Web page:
She received the 12th cycle of chemotherapy on 29/10/14 at our hospital and then finally on 28/11/14 her USG whole abdomen showed marginally bulky uterus with bilateral bulky ovaries. Serum β-HCG values in the next consecutive 3 months were within normal limits. Patient is still under follow up of radiotherapy and Gynae department in our hospital; presently on OCP having regular periods ; waiting to plan her future pregnancy eagerly.

Results :
This patient had long cycle of chemotherapy (12 cycles). USG confirmation of response to chemotherapy was of great help. In this patient the reproductive health could be preserved thankfully since she was so young. The treatment of this progressive malignant GTN was successful.

USG(15/3/14) showing? gestational trophoblastic disease

USG(15/3/14) showing? gestational trophoblastic disease

USG(6/9/14) showing ? residual secondary inmyometrium with RO lutein cyst

USG(6/9/14) showing ? residual secondary in myometrium with RO lutein cyst

USG(28/11/14))showing marginally bulky uterus

USG(28/11/14))showing marginally bulky uterus


Discussion :
Serum β-HCG is the most relevant parameter in GTN detection as well as in checking the efficacy of administered therapy[1,2]. Successful treatment of malignant GTN does not mean that reproductive health can always be preserved. Chemotherapy plus hysterectomy is sometimes the method of choice in advanced malignant GTN treatment[1,2,3,4]. Malignant GTN does not have specific sonographic pictures and it is not easy to detect specific changes in uterine structure. Massive tissue destruction, hypervascularisation, low R.I., ovarian theca luteal cysts could be characteristic USG findings for GTN. According to recommendations CRCOG[5,6] USG is of limited value in detection of partial mole and malignant GTN[5,6].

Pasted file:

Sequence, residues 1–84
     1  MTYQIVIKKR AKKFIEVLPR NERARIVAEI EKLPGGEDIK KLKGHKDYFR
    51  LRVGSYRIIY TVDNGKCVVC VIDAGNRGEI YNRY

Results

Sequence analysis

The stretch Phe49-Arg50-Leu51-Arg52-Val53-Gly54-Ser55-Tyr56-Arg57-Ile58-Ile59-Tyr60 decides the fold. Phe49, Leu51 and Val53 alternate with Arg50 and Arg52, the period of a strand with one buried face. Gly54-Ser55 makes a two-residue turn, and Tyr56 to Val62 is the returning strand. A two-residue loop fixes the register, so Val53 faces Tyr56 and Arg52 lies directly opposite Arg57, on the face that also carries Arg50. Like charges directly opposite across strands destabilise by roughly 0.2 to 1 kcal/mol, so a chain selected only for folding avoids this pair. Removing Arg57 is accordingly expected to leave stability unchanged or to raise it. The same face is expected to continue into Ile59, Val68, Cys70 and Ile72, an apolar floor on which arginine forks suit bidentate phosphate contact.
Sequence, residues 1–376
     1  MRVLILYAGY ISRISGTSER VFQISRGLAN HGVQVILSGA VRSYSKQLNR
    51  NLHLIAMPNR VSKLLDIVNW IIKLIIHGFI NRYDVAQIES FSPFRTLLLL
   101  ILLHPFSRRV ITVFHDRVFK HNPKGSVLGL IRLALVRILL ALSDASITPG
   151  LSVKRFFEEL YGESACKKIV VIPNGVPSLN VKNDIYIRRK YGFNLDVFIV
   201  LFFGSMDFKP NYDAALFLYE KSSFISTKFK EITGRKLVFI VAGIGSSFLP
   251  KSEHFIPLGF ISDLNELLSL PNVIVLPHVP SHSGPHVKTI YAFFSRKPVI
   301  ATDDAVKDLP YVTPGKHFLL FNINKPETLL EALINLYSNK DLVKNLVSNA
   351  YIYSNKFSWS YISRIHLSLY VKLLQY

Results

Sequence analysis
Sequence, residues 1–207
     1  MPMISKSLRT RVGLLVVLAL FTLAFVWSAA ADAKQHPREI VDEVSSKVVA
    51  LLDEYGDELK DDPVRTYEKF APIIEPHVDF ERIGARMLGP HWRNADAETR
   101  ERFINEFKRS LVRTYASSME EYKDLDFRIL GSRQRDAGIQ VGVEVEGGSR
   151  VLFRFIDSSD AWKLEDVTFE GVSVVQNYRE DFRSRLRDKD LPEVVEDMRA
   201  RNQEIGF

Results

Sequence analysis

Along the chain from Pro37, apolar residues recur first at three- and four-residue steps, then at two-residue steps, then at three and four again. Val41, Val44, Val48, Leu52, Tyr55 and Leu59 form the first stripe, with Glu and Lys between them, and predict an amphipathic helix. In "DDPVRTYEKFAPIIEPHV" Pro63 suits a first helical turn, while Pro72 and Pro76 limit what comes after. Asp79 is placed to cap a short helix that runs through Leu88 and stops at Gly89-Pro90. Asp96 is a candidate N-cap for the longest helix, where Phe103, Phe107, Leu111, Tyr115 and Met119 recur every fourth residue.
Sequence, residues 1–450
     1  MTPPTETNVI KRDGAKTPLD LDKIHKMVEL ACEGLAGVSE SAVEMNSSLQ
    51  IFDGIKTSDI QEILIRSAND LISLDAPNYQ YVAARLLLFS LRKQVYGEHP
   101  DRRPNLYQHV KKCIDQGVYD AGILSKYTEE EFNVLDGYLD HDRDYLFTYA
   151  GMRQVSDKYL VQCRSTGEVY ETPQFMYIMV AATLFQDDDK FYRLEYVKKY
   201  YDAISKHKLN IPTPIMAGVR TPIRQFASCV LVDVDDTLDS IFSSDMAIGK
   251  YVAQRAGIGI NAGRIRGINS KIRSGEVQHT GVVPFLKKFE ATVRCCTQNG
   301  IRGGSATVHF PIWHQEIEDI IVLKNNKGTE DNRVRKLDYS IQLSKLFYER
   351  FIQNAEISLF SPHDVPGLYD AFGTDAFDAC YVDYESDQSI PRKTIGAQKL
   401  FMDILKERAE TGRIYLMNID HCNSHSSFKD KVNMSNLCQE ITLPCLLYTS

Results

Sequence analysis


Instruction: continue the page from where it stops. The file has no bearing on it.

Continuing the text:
Conclusion :
Progressive changes in uterine structure could be of great help in therapy decisions along with changes of serum β-HCG levels. Treatment can be longlasting with good prognosis but it needs good collaboration between gynecologist, radiologist, radiotherapist and patient including all kinds of support.

References
  1. Bright N, Coleman RE, Gillespie AM , Hancock BW, Radstone CR, Tidy J(2000). Gestational trophoblastic disease: a study of mode of evacuation and subsequent need for treatment with chemotherapy.Gynecology Oncology (78) 309-312.

  2. Borchert LG, Hammond CB, Tyrey L et al. (1973). Treatment of metastatic disease : good and poor prognosis. American Journal of Obstetrics and Gynecology (115) 451-457

  3. Goldstein DP, Hancock BW, Kohorn EI et al (2000). Combining the staging system of the International Federetion of Gynecology and Obstetics with the scoring system of the World Health Organisation for trophoblastic neoplasia. Report of the Working Committee of the International Society for the Study of Trophoblastic Disease and the International Gynecologic Cancer Society. International.Journal of Gynecological Cancer (10) 84-88.

  4. Newlands ES(2000) Presentation and management of persistent gestational trophoblastic disease and gestational trophoblastic tumours in the UK. In: Hancock B.W., Newlands E.S., Berkowitz. R. S., Cole L.A, editors. Gestational Trophoblastic Diseases 2nd ed. Sheffield: International Society for the study of Trophoblastic Diseases. (www.isstd.org/gtd/index.html)

  5. Lukiæ R, Nikoliæ B(2004) Choriocarcinomapostdisease ultrasonographic findings. International Journal of Gynecology Cancer(14) 677-679.

  6. Altaras M, Goldberger S, Maymon R, Shulman A, Tepper R (1994). The role of color Doppler flow in the management of nonmetastatic gestational trophoblastic disease. Gynecology and Obstetric Investigations 38 (1) 14-17.